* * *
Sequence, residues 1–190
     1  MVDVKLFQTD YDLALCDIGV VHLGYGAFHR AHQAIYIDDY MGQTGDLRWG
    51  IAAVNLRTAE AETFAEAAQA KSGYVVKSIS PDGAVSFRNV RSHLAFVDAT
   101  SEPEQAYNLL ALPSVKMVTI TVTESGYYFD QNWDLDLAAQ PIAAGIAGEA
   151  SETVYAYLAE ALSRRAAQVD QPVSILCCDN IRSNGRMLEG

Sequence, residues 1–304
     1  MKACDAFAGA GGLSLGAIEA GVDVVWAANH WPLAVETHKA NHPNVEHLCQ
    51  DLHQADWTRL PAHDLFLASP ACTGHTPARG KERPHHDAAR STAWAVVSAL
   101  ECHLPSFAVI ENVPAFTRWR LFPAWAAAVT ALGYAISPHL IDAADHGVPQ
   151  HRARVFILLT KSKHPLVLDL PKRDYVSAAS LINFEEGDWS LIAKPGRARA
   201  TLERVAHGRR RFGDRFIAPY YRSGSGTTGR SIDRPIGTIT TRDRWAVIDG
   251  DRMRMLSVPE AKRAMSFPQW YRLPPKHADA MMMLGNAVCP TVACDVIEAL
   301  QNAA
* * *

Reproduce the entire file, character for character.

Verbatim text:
Sequence, residues 1–190
     1  MVDVKLFQTD YDLALCDIGV VHLGYGAFHR AHQAIYIDDY MGQTGDLRWG
    51  IAAVNLRTAE AETFAEAAQA KSGYVVKSIS PDGAVSFRNV RSHLAFVDAT
   101  SEPEQAYNLL ALPSVKMVTI TVTESGYYFD QNWDLDLAAQ PIAAGIAGEA
   151  SETVYAYLAE ALSRRAAQVD QPVSILCCDN IRSNGRMLEG

Sequence, residues 1–304
     1  MKACDAFAGA GGLSLGAIEA GVDVVWAANH WPLAVETHKA NHPNVEHLCQ
    51  DLHQADWTRL PAHDLFLASP ACTGHTPARG KERPHHDAAR STAWAVVSAL
   101  ECHLPSFAVI ENVPAFTRWR LFPAWAAAVT ALGYAISPHL IDAADHGVPQ
   151  HRARVFILLT KSKHPLVLDL PKRDYVSAAS LINFEEGDWS LIAKPGRARA
   201  TLERVAHGRR RFGDRFIAPY YRSGSGTTGR SIDRPIGTIT TRDRWAVIDG
   251  DRMRMLSVPE AKRAMSFPQW YRLPPKHADA MMMLGNAVCP TVACDVIEAL
   301  QNAA